Shoulder-in is much better!
We are still working on making sure he understands weight shifting. The most fun is the poles, though it takes the wind out of me to run over them too. (Hanna didn't tell me that *I* should be trotting over them, but I could stand to get in better shape)
I set the poles up for either lifting or stretching and then ask for upward head or forward head. I even tried combining the two: I had him walk over one set in stretching and 10 ft after, the lifting set. He is getting better about not banging his feet into poles. He definitely knows to stretch out but the lifting up is more challenging. I get him going over top of the collected poles and ask for a head up but he doesn't appear to do anything. Maybe he is doing it just before he reaches them and I'm not seeing it. Or maybe I'm expecting a higher head than is necessary? I'm going to watch that more closely. He's still not perfect about lifting the head in the saddle but it's coming and he is getting better about responding to the cue.
In even better news, his shoulder-in improved loads when I figured out the second half of the puzzle! We can do a reverse shoulder in (head toward the wall) because the wall helps him balance and stops him from walking out, but if I flex him into the center of the arena in a true shoulder in, he starts to walk off the wall. Fail.
Hanna showed me that part of this was a balance issue so we taught him to put his head up to lighten the shoulders. However when I tried shoulder-in again and I asked him to lift his head, he still walked off the wall. Then I figured out that the second missing piece was he didn't understand the leg and rein cues to move his shoulders back toward the wall. The videos on Lateral Flexion (Riding with connection course) are what helped me solve it.
Part of teaching lateral flexion in movement is teaching Aslan to move the shoulders over. While I taught him to move his shoulders over at a stand still, for whatever reason, it wasn't making sense to him in movement. Add to this his downhill plowing tendency...I'm sure he found this movement difficult at anything more than a standstill So we reviewed shoulders over and this time I also added the "neck rein cue" that was brought up in video #2. (It would take too long to describe, but it's slightly shifting your hands over the withers toward the outside of the bend). Then we went back to wall and tried again. Walk forward, attempt a shoulder in...attempt to walk off the wall, shift hands towards the outside of the bend and .... voila he stopped walking off and his shoulders moved back to the wall. OMG YOU GET IT!!!! Eventually he was doing several steps of shoulder in and not trying to walk off the wall at all. Even after the saddle work, I tried it on the ground and with the new shoulder cue he was finally doing shoulder-in without cutting me off.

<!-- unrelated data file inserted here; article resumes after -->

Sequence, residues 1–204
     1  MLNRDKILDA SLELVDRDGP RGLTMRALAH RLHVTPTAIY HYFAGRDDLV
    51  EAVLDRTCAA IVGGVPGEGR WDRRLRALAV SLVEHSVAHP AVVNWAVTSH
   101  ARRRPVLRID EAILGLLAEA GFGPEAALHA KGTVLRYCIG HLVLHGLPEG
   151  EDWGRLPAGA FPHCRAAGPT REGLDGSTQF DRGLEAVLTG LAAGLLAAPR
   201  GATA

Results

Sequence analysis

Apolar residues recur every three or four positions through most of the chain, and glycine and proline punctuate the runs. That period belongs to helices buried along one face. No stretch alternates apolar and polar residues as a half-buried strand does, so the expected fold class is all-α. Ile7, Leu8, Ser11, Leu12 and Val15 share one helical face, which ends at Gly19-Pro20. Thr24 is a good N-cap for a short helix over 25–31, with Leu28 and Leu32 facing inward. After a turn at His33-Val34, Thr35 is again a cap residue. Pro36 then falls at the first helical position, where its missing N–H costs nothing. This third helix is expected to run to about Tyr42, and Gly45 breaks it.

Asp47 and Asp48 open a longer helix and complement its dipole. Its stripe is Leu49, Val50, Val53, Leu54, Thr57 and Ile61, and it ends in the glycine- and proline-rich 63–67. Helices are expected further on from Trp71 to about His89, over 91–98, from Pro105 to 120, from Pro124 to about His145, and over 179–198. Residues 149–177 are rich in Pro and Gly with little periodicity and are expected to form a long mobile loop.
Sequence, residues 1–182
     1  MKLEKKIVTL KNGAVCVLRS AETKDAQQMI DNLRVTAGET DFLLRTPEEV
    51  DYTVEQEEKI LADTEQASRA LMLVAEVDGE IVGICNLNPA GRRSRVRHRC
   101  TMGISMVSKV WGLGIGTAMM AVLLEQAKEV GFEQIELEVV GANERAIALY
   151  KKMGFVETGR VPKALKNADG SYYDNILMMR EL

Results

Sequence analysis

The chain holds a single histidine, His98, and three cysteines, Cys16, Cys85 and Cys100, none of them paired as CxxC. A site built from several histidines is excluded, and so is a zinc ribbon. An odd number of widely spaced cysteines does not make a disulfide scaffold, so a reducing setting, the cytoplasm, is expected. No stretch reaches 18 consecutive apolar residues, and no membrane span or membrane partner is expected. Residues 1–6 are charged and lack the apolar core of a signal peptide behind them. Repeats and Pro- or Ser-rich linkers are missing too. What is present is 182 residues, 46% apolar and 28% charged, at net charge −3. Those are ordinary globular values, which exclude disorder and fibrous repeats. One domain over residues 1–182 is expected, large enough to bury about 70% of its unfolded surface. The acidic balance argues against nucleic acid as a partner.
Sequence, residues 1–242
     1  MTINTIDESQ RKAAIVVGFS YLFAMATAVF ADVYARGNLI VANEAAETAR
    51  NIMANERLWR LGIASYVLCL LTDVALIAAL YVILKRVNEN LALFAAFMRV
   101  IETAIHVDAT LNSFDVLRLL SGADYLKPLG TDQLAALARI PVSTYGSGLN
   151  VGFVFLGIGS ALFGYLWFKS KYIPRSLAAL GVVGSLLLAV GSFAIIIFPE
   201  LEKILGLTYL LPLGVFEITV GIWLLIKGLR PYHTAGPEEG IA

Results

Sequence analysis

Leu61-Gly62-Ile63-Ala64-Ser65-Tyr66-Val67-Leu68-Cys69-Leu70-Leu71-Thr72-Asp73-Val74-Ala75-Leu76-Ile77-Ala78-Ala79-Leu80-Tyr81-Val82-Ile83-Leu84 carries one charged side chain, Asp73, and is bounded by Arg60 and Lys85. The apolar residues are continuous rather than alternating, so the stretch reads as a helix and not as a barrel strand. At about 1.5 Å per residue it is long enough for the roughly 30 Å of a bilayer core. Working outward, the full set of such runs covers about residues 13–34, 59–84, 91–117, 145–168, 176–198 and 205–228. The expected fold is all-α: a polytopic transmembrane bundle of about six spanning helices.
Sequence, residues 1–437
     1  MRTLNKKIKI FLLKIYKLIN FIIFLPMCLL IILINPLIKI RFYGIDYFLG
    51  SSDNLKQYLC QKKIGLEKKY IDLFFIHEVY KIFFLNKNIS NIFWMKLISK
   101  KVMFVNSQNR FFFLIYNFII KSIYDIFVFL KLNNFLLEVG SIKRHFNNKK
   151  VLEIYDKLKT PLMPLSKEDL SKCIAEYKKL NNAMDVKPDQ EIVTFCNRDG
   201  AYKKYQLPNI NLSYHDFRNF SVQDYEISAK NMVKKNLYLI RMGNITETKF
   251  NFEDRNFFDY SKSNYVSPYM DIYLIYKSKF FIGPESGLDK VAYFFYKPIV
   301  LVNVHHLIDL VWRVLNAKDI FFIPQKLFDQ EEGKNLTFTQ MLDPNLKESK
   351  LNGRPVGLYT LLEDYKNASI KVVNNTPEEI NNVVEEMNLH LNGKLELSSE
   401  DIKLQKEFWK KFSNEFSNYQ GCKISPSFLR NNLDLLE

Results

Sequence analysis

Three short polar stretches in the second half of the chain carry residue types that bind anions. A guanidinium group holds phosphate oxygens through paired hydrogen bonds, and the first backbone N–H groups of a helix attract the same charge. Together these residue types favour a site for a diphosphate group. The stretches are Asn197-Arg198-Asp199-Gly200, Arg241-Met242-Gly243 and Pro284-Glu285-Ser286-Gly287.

The new saddle is also enjoyable to ride in. It is a lot less bulky, and once I get the anatomical girth in, I think that will help even more. At first I was worried that Aslan didn't like it, because he stopped lining up at the mounting block and didn't even want me to hop on from the ground. I kind of got after him and he started lining up better for mounting. I had a few laughs when he aimed his bum at me. Uh no, I'm not getting on via your ass.